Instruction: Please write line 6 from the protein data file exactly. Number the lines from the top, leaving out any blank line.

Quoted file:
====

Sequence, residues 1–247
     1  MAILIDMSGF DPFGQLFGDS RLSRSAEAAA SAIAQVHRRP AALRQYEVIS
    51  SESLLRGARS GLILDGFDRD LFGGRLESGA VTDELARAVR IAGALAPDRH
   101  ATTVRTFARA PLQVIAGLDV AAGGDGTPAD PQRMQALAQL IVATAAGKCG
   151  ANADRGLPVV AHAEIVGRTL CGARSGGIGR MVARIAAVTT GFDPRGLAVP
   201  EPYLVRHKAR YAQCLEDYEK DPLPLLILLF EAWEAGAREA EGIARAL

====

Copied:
   201  EPYLVRHKAR YAQCLEDYEK DPLPLLILLF EAWEAGAREA EGIARAL